Michael Enright, a Gonzaga classmate who became O'Malley's deputy mayor in Baltimore and chief of staff in Annapolis, described the pair's first conversation at age 14. They were at a bus stop in Washington, waiting to be carried back to the suburbs, and Martin was snacking on goldfish crackers. "Some homeless guy came up, muttering, kind of delusional, dove his hand into Martin's bag of goldfish, and started eating them," Enright said. "Going down to Gonzaga, that was what you signed up for. You saw urban life." The two teenagers started talking, and an enduring friendship was born.
By then, O'Malley was already an Irish history aficionado, a musician, and a budding politico. As a child, he followed election returns when his godfather ran for office, and he handed out leaflets for a family friend in another race. As a college student, he worked for Gary Hart's 1984 presidential campaign, including spending a few weeks in Iowa. As a law student, he ran the field operation for then-Rep. Mikulski's 1986 Senate campaign. It was a fateful job, in part because it afforded him his first glimpse of Katie Curran, his future wife.
He says she walked into the English Consul Democratic Club on the arm of her father, Lt. Gov. J. Joseph Curran Jr., who was running for attorney general. "I said to Barbara Mikulski, 'Who's that?'" O'Malley recalls. " 'Joe Curran's secret weapon, his beautiful daughter Katie,' " she replied.
The year 1990 was seminal for O'Malley in two ways. He married Katie, and he made his first run for office -- a primary challenge to state Sen. John Pica of Baltimore. O'Malley's brother Peter, seven years younger and a student at Catholic University, ran the campaign with help from Patrick, another brother, and Enright. They did their own opposition research. Peter O'Malley says he and Patrick combed Pica's voting records to discover that he had missed more votes than any other member of the state Senate. They also did their own polling, he says. Martin wrote the questions, and they all made the calls, using lists they bought to achieve a scientific result.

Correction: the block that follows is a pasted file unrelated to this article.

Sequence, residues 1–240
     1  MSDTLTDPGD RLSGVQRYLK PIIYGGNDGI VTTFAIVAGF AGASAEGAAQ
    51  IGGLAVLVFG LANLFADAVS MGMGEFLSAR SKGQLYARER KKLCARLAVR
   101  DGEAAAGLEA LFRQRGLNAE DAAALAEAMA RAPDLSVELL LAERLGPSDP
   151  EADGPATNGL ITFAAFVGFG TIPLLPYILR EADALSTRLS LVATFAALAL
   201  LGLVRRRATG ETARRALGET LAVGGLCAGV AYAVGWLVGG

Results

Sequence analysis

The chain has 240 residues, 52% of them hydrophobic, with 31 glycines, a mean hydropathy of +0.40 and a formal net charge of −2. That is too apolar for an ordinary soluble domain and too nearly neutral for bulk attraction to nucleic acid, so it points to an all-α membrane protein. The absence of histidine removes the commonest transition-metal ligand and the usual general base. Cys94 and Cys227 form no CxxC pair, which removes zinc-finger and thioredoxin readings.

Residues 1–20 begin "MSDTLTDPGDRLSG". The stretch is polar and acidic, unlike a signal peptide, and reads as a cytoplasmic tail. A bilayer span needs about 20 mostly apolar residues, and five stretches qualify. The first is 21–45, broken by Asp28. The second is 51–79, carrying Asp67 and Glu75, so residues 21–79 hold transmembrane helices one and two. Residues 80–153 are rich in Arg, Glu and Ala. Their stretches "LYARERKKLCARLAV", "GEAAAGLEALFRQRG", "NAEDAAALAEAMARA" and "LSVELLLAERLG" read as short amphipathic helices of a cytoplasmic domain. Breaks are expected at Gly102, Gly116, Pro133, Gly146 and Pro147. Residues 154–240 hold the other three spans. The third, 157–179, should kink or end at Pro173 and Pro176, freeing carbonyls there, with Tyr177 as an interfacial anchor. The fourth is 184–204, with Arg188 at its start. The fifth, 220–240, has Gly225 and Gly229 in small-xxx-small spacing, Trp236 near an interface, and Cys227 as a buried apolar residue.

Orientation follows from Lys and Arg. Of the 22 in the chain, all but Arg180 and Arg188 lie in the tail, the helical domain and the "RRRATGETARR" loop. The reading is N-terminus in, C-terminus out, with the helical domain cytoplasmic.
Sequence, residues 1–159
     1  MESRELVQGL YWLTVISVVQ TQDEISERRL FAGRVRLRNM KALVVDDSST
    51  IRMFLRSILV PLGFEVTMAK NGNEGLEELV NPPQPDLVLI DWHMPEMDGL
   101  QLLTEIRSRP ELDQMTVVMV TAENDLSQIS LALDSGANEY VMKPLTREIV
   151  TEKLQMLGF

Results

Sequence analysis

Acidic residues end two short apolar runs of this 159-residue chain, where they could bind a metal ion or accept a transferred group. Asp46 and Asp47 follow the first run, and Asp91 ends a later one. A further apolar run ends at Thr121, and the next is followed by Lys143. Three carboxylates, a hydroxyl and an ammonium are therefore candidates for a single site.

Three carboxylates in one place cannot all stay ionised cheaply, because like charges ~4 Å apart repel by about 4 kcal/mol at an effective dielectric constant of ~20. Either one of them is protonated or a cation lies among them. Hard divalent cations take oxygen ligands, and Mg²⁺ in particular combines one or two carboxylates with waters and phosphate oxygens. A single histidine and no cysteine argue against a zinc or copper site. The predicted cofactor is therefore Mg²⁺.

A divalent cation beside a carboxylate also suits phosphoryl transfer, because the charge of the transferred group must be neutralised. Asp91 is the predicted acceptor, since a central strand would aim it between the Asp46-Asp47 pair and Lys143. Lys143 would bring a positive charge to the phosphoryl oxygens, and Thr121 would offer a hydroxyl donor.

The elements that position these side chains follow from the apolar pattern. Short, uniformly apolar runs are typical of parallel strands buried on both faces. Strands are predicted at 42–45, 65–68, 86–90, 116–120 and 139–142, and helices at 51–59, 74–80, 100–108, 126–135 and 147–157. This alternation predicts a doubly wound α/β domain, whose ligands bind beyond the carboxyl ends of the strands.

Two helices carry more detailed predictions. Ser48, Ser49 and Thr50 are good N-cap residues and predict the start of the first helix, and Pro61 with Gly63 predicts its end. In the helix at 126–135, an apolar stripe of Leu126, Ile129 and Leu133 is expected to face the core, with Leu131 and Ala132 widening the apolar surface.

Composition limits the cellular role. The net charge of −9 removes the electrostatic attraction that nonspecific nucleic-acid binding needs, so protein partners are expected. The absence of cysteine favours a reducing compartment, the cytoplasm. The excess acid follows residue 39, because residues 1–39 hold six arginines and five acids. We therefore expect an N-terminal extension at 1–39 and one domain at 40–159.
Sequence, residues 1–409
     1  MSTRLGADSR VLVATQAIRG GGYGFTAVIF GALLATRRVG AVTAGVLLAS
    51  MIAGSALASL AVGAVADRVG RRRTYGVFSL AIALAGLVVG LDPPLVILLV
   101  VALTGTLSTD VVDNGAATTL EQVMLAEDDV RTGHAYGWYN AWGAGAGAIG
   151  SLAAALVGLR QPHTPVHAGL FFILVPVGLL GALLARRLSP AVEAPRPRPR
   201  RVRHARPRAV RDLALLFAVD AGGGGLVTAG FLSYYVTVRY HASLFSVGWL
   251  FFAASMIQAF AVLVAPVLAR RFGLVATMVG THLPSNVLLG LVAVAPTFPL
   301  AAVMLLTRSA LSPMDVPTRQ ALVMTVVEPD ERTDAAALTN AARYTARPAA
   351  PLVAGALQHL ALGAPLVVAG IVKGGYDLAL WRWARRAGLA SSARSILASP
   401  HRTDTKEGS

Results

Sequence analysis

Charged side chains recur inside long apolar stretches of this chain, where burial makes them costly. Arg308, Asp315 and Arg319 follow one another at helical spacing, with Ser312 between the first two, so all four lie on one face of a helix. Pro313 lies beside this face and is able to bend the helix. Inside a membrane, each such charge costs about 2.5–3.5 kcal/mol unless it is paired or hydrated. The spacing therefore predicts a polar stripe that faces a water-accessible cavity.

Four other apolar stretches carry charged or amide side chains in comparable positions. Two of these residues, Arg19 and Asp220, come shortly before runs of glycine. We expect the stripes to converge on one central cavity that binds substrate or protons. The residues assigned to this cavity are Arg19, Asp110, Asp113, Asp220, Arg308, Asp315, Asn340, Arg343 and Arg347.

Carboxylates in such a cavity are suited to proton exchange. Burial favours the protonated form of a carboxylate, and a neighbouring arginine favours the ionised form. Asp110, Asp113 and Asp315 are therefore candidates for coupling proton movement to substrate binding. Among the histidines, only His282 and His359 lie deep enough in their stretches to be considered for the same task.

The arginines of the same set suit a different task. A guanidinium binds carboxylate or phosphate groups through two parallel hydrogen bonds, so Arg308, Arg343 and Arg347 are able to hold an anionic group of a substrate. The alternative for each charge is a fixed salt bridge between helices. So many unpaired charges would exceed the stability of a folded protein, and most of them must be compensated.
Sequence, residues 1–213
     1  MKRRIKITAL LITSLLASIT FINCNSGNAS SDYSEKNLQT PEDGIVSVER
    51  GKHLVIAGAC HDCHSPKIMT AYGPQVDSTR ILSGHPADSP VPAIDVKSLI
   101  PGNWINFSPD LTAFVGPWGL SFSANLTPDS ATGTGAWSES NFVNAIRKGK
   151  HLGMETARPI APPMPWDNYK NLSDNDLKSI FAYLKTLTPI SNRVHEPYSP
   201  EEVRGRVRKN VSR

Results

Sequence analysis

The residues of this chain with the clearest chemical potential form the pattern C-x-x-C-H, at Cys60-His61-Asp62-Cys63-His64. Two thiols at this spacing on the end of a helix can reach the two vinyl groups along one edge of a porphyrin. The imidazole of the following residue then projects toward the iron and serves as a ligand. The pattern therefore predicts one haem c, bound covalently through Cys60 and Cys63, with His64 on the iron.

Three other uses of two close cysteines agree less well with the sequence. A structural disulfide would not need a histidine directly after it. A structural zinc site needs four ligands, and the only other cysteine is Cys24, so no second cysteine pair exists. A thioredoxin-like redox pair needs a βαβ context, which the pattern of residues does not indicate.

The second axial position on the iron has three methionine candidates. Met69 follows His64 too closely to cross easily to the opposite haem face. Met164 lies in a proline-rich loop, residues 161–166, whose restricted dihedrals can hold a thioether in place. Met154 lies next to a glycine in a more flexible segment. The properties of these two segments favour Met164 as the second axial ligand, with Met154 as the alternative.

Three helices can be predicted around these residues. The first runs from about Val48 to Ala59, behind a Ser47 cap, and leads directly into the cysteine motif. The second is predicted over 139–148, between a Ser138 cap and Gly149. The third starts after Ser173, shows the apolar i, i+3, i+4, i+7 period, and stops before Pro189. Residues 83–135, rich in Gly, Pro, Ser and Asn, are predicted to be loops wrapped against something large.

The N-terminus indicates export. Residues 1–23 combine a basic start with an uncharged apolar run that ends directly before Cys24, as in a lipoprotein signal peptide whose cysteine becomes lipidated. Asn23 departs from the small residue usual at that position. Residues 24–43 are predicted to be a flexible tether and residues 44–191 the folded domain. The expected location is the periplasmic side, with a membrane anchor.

O'Malley spent less than $35,000 on the campaign and ended up losing by 44 votes, so close that his friends and family were elated. He says he realized belatedly, "I was the only dope on the campaign" who had expected to win. He was stung, but also encouraged. By the next year, he was working at a law firm by day and campaigning by night for a Baltimore City Council seat. He'd pick up his infant daughter Grace from Katie, who was taking an evening bar-review course, and go door-to-door as long as Grace would stand for it. He won the seat, and his course was set.
What was it about Baltimore that drew O'Malley? "There's probably a biography in the answer to that question," he responds. It started with what he calls his "immersion" into Mikulski's world of friends, family, and supporters. "I felt more at home in Baltimore after one year of law school and Barbara Mikulski's campaign than I ever felt in the Maryland suburbs of Washington," he says. "It is a city with a very unpretentious blue-collar work ethic .... I just found something about it very attractive when I moved there for law school, and wanted to stay."